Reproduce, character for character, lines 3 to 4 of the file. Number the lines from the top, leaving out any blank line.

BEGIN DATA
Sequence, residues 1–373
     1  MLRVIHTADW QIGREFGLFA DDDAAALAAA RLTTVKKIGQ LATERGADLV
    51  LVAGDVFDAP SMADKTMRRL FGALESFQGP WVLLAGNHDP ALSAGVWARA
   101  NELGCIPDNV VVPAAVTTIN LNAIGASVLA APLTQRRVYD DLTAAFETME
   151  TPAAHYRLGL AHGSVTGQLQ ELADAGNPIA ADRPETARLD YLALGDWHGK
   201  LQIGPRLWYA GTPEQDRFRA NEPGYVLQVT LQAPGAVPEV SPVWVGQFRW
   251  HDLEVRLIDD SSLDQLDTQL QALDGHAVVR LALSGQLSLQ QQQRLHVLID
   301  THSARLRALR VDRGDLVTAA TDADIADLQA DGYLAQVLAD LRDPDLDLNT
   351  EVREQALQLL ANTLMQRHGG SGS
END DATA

    51  LVAGDVFDAP SMADKTMRRL FGALESFQGP WVLLAGNHDP ALSAGVWARA
   101  NELGCIPDNV VVPAAVTTIN LNAIGASVLA APLTQRRVYD DLTAAFETME